Auckland is in the midst of a public transport crisis.
No-show buses, three years of looming rail shutdowns, and crew shortages on the ferries are crippling the city’s public transport system.
There’s a bus driver shortage when buses are being promised to plug the gap when trains stop running for three years on a major rail upgrade.
Even the city’s cycleways are not immune. A section of a popular cycleway closed suddenly this week until mid-January.
Mayor Wayne Brown is not mincing his words. It’s time to move to an “emergency footing” to maintain public transport services for Auckland, now and over the next few years, he said on Tuesday.
Aucklanders should not and will not accept three years of rail disruptions and cuts to bus services, said Brown, who gave Auckland Transport, KiwiRail, and even Transport and Immigration Minister Michael Wood a kick up the bum to do much better.
Wood, an Auckland MP and regular user of public transport, said migrant labour alone cannot solve the issues plaguing commuters, and came to the table last weekend with an additional $61 million to lift bus driver pay and conditions.
AT interim chief executive Mark Lambert has also acknowledged commuters are facing a “driver shortage crisis” causing significant disruption and warned of challenging times ahead for rail passengers as a result of long overdue maintenance to KiwiRail’s tracks and infrastructure.
Here’s what in store for Auckland commuters
Commuters face three years of disruptive shutdowns from Christmas on the Southern, Eastern, and Onehunga rail lines.
KiwiRail is doing a $330m rail network rebuild on the three lines to pave the way for more commuter trains when the City Rail Link opens, sometime from 2025.
From Christmas, trains will not run on the Southern line between Ōtāhuhu and Newmarket and the Onehunga line for three months.
This will be followed by the Eastern line between Ōtāhuhu and Britomart being closed for nine months and sections of the Western line being closed in 2024 and 2025.
The shutdown will affect an average of 8000 commuters a day.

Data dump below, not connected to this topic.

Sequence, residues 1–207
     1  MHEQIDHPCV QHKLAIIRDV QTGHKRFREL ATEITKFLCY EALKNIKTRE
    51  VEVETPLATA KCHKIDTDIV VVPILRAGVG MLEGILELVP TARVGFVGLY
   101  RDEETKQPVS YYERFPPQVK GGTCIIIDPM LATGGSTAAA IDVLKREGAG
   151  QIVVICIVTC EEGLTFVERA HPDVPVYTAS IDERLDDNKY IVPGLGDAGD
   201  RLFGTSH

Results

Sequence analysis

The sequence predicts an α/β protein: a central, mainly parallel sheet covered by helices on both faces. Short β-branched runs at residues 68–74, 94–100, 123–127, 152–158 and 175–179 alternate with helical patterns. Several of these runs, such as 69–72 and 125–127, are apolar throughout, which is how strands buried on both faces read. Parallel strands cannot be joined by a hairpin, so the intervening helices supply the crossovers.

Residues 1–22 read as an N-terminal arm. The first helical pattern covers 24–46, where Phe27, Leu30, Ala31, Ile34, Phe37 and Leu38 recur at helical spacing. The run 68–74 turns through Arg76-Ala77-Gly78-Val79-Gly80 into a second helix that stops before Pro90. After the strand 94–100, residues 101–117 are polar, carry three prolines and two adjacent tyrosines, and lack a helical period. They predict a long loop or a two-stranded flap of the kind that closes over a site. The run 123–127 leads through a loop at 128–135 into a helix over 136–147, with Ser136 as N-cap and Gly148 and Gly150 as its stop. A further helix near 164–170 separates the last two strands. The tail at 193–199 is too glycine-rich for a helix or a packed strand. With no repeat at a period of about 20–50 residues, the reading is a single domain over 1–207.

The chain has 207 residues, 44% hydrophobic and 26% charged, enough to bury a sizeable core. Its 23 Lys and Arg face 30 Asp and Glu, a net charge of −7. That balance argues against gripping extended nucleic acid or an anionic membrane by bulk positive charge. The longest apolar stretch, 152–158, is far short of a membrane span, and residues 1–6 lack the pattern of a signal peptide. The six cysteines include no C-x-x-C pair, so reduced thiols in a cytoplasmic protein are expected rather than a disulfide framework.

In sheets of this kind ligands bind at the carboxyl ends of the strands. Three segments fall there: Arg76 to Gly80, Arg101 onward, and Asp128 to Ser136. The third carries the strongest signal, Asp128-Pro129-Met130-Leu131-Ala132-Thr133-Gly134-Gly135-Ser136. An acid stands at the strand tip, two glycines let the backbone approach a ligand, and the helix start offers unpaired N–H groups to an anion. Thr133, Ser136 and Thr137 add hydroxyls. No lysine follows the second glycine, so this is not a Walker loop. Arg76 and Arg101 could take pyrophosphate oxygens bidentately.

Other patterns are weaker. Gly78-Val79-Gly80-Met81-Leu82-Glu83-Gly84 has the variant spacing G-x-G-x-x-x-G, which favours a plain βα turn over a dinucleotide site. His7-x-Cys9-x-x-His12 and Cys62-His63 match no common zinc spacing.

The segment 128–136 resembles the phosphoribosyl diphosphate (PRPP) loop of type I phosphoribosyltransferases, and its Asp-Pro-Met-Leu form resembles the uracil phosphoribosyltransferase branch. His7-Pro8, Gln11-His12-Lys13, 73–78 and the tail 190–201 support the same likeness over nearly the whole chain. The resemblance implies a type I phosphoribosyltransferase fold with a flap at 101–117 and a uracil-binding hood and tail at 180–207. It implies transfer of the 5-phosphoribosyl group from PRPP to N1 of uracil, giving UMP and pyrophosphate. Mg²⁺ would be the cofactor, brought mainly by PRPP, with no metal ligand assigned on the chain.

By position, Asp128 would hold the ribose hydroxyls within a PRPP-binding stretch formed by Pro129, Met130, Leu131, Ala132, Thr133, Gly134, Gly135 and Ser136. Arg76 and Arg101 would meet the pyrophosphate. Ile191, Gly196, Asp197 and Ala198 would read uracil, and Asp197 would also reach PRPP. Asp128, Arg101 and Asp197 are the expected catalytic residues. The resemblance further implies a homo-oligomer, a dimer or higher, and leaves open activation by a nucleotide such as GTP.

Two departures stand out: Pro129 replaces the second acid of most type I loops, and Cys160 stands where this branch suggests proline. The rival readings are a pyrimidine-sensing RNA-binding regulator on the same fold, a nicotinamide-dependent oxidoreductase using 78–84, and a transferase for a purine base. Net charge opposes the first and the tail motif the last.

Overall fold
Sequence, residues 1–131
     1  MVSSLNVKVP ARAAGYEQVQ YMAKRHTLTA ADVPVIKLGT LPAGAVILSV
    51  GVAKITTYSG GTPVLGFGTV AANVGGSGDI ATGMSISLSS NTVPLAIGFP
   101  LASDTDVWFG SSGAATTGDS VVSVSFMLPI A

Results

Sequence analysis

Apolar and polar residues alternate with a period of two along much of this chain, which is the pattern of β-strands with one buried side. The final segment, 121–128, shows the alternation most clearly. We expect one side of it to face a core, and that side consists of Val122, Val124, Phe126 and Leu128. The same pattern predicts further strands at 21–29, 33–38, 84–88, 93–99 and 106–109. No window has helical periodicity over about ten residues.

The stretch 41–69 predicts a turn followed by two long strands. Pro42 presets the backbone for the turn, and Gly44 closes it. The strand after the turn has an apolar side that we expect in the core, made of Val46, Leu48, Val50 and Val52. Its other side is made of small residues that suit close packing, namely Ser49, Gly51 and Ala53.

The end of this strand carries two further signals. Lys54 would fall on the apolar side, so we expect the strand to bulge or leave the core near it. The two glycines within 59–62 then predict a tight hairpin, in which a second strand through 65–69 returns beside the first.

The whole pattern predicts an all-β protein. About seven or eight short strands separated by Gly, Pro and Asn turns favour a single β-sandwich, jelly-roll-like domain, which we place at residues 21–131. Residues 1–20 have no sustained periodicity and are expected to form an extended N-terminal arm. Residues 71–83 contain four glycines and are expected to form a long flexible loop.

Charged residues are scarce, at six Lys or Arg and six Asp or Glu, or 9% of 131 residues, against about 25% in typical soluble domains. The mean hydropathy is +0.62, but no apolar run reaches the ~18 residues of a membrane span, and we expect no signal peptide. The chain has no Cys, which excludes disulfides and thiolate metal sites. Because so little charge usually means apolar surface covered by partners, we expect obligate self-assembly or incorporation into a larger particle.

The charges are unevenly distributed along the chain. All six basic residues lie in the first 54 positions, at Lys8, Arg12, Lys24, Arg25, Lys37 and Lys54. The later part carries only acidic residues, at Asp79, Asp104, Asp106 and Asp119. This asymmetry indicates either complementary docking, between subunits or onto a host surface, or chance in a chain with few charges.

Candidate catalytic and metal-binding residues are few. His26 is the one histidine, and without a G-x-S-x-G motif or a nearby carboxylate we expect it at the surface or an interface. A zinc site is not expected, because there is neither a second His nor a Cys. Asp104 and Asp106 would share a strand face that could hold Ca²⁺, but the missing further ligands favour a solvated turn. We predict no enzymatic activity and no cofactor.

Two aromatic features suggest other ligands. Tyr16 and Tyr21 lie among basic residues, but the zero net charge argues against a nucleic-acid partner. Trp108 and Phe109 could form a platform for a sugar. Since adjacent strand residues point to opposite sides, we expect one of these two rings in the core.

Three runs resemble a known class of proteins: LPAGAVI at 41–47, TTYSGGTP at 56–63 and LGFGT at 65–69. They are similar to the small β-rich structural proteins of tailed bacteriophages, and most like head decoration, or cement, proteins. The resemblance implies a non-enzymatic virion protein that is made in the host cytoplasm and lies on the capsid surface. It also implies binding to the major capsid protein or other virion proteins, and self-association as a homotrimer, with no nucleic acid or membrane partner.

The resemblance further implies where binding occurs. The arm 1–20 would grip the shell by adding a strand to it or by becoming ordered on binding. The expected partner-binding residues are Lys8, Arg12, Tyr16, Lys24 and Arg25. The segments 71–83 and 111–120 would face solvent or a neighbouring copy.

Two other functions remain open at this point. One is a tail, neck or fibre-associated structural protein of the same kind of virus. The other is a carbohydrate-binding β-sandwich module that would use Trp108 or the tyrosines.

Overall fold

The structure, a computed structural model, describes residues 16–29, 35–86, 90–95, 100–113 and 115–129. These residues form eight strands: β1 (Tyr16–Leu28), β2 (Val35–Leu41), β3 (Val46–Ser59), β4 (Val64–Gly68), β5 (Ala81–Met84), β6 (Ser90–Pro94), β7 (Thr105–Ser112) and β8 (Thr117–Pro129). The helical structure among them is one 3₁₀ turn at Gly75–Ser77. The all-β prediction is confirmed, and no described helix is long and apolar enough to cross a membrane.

The rebuild follows two years of shutdowns and speed reductions in 2020 and 2021 while KiwiRail replaced rail tracks and sleepers.
The latest rebuild is to replace the rock foundations under the tracks, some of which haven’t been renewed since the 1870s.
Buses will replace train services with Auckland Transport saying it will promote current services and have ambassadors on-site at affected stations to help make it easier for passengers.
More information about alternative travel options for Onehunga and Southern line customers affected by the first stage of work is expected to be available this month.
KiwiRail chief operating officer – capital projects David Gordon said the work would be frustrating for commuters, but it needed to be carried out. Given the scale of the work, it could not be done by short shutdowns or closing sections of the track but allowing some peak services to meet the CRL opening date, he said.
“Like roads, rail lines wear out from use. We’ve been undertaking routine maintenance and replacing worn-out track and sleepers and we’re now moving on to something more fundamental.”
Gordon said that while most of the rail network rebuild is expected to be finished before CRL construction is complete, it is likely some lower patronage lines – such as the Manukau to Puhinui line, the Swanson to Henderson section of the Western line, and the part of the rail network between Newmarket and Britomart (which will see a substantial drop in train frequency once CRL is running) – will be completed after the CRL is open.
In a report this year on the governance of the CRL, Auditor-General John Ryan said AT and KiwiRail have signalled that between now and 2036, a further $7.5 billion will have to be spent on the rail network to realise the full benefits of the CRL.
KiwiRail and AT are developing a business case for this work. Last year, the Herald reported the cost was $6.7b for additional tracks and trains, lengthening platforms for nine-car trains, removing all level crossings on the Southern and Western lines, and a signalling upgrade.
Outgoing Mayor Phil Goff was annoyed at only learning about the full extent of the work three days before the public announcement on October 3, saying it will cause “significant disruption” for commuters.
New Mayor Wayne Brown is unimpressed with KiwiRail’s “badly planned” line maintenance project, saying Aucklanders should not and will not accept years of rail disruptions. AT, Waka Kotahi NZ Transport Agency, Ministry of Transport, KiwiRail and the Transport and Immigration Minister need to move to an “emergency footing” to maintain services for Aucklanders, he said.
Lobby groups Public Transport Users Association (PTUA) and Greater Auckland have criticised the rail closures. The former called for a ‘plan B’ that does not affect rail passengers while Greater Auckland said every time this kind of thing happens it damages trust in the rail network and encourages people back into cars.